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The Rules? Puhleeze! Any real black woman can tell you that when it comes to African-American men, The Rules is about as good as Monopoly money in Macy's. Waiting three days to return a brother's phone call will get a black woman nothing more than a warm spot on the couch by herself with an empty bag of corn chips and the remote.A sister needs her own special set of rules for finding a brother even when it seems that there just aren't that many good ones to go around. Millner says they are out there but sistahs ...
The Rules? Puhleeze! Any real black woman can tell you that when it comes to African-American men, The Rules is about as good as Monopoly money in Macy's. Waiting three days to return a brother's phone call will get a black woman nothing more than a warm spot on the couch by herself with an empty bag of corn chips and the remote.A sister needs her own special set of rules for finding a brother even when it seems that there just aren't that many good ones to go around. Millner says they are out there but sistahs need to drop their materialistic, brother-in-the white-Benz fantasies and pick up the right vibes for finding a genuine brother who's worth keeping around. The Sistahs' Rules gives black women commonsense guidelines for landing in a healthy relationship with a makes-your-toes-curl brother, including:
Get to know his mama, get to know him
Use what you got to get what you want
Girlfriends are everything, but they don't know it all
With warm stories and practical advice from black mamas and papas who've been there and done that, and sistahs and brothers in the mix, The Sistahs' Rules is a sassy, hip, step-by-step guide to finding Brother Mr. Rightand having fun in the process.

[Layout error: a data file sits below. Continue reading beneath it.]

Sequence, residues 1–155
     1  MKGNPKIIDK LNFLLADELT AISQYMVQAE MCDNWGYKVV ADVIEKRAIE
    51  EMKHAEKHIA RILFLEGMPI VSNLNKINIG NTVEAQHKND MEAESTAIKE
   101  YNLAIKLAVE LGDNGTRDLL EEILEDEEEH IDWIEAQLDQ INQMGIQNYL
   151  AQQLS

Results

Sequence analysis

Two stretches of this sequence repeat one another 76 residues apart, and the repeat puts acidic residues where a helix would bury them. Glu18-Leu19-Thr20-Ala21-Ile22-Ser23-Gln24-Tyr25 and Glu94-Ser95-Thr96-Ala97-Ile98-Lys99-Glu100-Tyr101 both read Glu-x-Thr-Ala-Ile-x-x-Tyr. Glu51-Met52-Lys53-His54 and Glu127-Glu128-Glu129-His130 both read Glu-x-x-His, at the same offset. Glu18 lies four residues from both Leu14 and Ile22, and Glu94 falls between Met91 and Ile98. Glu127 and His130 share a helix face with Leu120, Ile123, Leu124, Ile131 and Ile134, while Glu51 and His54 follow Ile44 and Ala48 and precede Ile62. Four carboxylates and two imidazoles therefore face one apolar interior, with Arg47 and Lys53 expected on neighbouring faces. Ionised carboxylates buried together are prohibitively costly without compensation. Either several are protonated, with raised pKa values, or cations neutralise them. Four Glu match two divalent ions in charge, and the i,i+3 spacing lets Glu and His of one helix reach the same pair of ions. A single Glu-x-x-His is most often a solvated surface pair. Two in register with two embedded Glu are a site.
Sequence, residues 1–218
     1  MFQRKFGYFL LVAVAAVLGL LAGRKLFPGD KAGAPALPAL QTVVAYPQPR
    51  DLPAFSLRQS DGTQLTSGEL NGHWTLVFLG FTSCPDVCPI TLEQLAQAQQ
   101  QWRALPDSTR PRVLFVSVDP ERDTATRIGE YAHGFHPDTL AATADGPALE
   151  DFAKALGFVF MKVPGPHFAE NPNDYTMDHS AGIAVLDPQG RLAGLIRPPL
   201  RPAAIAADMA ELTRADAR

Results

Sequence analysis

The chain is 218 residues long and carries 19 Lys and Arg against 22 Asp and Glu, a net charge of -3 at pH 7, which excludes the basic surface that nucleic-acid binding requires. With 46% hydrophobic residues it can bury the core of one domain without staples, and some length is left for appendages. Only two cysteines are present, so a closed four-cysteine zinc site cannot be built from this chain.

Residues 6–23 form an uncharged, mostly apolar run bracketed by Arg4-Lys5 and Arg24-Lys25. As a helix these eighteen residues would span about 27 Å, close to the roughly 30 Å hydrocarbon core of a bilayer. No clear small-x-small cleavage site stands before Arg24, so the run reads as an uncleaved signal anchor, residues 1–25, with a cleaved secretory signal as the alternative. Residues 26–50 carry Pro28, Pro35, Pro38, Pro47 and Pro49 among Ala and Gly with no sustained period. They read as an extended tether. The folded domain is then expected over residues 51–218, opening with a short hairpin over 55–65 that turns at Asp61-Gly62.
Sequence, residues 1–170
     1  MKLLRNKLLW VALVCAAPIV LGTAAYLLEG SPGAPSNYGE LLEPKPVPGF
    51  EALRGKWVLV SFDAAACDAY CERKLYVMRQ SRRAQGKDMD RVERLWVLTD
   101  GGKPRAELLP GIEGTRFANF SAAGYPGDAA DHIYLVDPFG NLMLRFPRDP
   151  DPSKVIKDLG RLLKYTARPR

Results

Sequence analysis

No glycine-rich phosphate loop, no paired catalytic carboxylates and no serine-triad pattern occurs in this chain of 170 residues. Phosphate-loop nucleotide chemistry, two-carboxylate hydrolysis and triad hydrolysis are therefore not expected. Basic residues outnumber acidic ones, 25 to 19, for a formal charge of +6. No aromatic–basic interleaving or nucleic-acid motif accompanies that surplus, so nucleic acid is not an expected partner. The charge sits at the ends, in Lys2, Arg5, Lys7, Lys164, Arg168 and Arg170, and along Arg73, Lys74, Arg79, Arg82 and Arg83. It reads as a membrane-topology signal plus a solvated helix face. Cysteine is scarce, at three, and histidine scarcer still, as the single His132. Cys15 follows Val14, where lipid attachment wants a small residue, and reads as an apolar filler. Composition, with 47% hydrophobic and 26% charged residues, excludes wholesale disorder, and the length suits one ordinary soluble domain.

Be proud to be you.
Don't ever let your quest to attract a black man drive you to try to squeeze your thick nose,your kinky hair, and that round bottom intowhite folks' beauty standards — because they'll never, ever fit, no matter how hard you push and shove.
It's pretty obvious, after all, that God didn'tmake that Cindy Crawford mold with a sistah inmind.
But we spend an awful lot of time trying toget into it, don't we? We'll give our last dollar foradvice on how to flatten our butts, how to getrid of those "thunder thighs," how to slather on the best relaxers to get our hair the straightest it can possibly get — and then beat the hell out of ourselves when Cindy failsto magically appear in our mirrors.
Get over it, girls. We are no more able to transform ourselves into bone-thin, blond-haired, blue-eyed beauties than she's able to transform herself into a dreadlocked chocolatehoney with dark brown eyes and an hourglass figure that'd make the Commodores leave Ms. "Brick House."
Besides, most black men would rather fatten up that bony-butt Cindy with a big plate of greens and cornbread than date her, because for them, to be too thin is a sin.